Well, in my opinion, it is the combination of the ease of creating new infrastructure in AWS (and other IaaS CSPs) and the complexity of deploying security solutions. In today’s reality, quite a lot of corporate connectivity happens over the internet, with companies all over the world adopting more and more SaaS solutions. This clearly creates a dissonance between the SaaS and the IaaS-based application access as when accessing self-hosted apps, all of a sudden we need to use complex Remote Access/VPN tools, or work with Just-in-Time access (hoping that it doesn’t open something that is too wide). The temptation of “just accessing it” is way too big to resist.

While many companies, particularly players in the Cloud Workload Protection Platforms field (CWPP) are evangelizing about using tools that can monitor the environments and suggest hardening them, I would like to propose adopting a different approach.

Why don’t we start with a simple “default deny” state of mind?

We could forget to deploy a monitoring/alerting solution. We could miss hardening CSP environment configurations. It is very simple to spin off every environment without allowing any inbound access ‘to begin with’, this is something relatively easy to remember and even easier to enforce with any Infrastructure-as-a-Code or Configuration Automation template.

Creating an infrastructure without the ability to connect  is scary. What would we do if something went wrong? How would we connect to it and understand what was going on or manage the infrastructure we just created? Sometimes, the right solution can also be the easiest solution to deploy.

Say ‘Yes’ to Zero Trust

Zero Trust Access is based on principles originally developed by the Department of Defense for its “need to know” model. In a nutshell, it is based on the following list of fundamental assumptions:

  • No workload or service is ever exposed publicly: no open ports on publicly routable IPs. This is sometimes defined as “cloaking” – your infrastructure is not visible to any external party.
  • In order to get any kind of access, the accessing party needs to undergo authentication, and, where applicable, verification of the security posture of the endpoint device – this principle is sometimes referred to as “first authenticate, then connect”.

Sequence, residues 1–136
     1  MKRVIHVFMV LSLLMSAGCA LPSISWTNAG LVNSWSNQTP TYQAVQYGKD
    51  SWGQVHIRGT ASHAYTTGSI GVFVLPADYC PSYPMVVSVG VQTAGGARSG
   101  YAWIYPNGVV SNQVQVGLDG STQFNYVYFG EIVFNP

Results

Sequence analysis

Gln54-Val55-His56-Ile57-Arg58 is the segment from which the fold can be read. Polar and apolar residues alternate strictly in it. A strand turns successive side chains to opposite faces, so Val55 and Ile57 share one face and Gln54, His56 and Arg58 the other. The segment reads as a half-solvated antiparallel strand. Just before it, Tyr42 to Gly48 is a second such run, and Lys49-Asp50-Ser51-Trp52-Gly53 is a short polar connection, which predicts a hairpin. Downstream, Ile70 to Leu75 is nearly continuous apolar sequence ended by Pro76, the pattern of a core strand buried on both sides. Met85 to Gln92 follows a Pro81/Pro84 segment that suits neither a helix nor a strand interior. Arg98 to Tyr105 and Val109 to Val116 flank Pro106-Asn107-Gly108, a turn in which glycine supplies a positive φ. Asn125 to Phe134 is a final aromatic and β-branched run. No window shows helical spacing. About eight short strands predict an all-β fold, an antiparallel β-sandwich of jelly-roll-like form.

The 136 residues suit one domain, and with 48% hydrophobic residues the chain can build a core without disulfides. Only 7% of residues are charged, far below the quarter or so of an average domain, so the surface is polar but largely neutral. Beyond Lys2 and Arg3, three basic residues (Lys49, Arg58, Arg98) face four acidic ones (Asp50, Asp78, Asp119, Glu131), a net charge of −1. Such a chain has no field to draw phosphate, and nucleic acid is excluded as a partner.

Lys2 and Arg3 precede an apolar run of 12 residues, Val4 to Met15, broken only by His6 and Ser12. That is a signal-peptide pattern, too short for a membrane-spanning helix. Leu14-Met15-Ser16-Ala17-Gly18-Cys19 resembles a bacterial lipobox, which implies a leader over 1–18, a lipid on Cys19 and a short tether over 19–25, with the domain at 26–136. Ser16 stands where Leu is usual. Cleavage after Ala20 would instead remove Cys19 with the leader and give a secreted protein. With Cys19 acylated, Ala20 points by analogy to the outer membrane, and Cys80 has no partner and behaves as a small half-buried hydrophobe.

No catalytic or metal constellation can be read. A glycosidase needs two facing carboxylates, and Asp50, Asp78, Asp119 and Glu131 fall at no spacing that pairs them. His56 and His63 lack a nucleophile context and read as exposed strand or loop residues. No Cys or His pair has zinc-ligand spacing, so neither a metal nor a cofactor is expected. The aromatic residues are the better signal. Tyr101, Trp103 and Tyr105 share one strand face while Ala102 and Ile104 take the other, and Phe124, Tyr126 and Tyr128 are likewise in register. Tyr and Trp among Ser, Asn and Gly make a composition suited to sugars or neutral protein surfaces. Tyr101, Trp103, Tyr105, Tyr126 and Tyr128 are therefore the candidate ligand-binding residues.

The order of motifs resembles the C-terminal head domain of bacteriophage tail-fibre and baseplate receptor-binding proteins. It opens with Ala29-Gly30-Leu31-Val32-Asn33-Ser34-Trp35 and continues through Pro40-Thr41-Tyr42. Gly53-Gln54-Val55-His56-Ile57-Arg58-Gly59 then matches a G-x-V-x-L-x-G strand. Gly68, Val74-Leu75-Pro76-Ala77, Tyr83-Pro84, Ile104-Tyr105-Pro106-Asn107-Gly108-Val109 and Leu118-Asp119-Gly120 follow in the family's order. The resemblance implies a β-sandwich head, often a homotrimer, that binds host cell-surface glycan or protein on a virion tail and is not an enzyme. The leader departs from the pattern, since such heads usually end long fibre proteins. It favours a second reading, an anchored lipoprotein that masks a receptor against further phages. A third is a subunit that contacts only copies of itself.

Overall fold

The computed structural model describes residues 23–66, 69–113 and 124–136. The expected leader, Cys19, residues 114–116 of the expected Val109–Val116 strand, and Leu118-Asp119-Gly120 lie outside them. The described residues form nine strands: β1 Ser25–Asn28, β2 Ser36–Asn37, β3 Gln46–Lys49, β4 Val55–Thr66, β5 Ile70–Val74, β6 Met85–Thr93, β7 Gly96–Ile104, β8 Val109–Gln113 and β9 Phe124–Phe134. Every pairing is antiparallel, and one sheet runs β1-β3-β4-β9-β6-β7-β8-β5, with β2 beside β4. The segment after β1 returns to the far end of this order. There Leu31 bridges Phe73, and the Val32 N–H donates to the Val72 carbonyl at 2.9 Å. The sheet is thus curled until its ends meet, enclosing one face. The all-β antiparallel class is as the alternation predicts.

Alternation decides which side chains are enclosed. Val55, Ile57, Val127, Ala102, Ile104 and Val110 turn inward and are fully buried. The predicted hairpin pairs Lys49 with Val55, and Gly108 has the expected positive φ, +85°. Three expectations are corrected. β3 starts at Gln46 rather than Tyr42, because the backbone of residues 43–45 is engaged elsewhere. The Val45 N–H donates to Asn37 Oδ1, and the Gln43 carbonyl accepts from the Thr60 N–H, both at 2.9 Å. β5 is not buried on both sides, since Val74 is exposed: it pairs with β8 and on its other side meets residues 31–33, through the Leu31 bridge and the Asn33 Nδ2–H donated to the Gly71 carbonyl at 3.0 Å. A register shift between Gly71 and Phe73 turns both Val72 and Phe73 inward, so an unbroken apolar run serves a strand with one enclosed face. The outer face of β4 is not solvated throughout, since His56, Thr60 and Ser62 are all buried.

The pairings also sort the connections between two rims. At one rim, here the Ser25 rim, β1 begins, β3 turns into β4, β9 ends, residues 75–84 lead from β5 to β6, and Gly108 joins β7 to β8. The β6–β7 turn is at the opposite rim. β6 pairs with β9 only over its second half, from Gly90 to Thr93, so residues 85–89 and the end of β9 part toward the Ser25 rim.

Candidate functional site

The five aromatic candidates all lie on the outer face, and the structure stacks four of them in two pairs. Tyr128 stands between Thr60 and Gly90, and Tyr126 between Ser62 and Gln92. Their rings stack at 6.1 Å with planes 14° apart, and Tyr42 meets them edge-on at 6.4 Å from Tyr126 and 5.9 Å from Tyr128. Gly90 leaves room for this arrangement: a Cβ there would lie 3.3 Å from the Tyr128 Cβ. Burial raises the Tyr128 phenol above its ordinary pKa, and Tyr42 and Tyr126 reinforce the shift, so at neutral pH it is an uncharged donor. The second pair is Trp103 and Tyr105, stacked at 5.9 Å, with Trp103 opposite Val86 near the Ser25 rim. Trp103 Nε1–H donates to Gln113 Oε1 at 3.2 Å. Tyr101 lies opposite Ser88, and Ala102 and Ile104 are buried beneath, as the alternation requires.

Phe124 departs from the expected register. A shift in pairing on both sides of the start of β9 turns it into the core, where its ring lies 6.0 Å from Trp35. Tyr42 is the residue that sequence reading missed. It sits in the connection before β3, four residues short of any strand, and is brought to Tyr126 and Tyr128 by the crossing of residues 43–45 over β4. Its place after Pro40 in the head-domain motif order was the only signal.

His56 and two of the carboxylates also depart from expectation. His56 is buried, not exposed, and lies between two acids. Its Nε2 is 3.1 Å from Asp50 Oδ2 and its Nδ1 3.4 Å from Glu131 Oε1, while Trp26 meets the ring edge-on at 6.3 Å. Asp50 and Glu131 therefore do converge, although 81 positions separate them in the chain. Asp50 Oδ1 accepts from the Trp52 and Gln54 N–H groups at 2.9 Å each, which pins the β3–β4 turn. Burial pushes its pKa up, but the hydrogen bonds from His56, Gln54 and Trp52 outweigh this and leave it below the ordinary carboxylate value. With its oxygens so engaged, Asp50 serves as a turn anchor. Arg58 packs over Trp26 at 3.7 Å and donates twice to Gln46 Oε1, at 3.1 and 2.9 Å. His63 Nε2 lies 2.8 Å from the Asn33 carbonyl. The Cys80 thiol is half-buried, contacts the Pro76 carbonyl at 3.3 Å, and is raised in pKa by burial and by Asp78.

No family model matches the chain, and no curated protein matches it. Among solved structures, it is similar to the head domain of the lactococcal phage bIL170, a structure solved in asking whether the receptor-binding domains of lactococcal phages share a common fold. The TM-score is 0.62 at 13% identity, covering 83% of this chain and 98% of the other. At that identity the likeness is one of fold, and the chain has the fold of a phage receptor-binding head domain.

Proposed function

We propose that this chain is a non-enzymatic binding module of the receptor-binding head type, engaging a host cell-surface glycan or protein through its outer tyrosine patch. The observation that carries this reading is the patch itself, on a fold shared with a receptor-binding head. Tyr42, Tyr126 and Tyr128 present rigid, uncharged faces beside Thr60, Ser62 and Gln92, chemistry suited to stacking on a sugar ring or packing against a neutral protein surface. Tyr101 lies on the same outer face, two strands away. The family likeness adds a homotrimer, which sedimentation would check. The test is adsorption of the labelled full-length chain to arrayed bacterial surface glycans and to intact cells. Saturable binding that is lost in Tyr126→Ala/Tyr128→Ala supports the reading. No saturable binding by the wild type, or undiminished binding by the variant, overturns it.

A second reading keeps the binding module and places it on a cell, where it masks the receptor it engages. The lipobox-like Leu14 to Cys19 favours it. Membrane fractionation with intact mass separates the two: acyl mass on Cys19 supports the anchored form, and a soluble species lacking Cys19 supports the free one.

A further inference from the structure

• Lastly, Zero Trust Access never provides access to the network, it only allows use of the specific services that the accessing party is authorized to use and absolutely nothing more.

Building a Zero Trust Access architecture used to be a complex task, but it is no longer such.

At Luminate, we deal with this challenge with the Secure Access Cloud ™. It is super-easy to deploy and it provides a cloud-native “default-deny” connectivity to all IaaS-based resources without deploying any special virtual appliances or endpoint agents. And the best of all – you can fully integrate it with your cloud automation and gain the transparent ability to connect to your infrastructure the moment it is created, while completely avoiding the risks associated with providing unauthorized access to sensitive environments.

Download our guide:  5 tips to make your security roadmap flexible


Leonid Belkind, CTO & co-founder

Written by Leonid Belkind, CTO & co-founder

Leonid Belkind is leading the technology vision for Luminate’s products. Prior to co-founding Luminate, Leonid worked for more than 14 years for Check Point Software Technologies, the leading vendor of IT network security products, where he built generations of IT security products, from early concept to delivery to Fortune 100 customers. He also established large international product delivery organizations of 150+ employees. Leonid is a graduate of Israel’s elite military technology unit, 8200.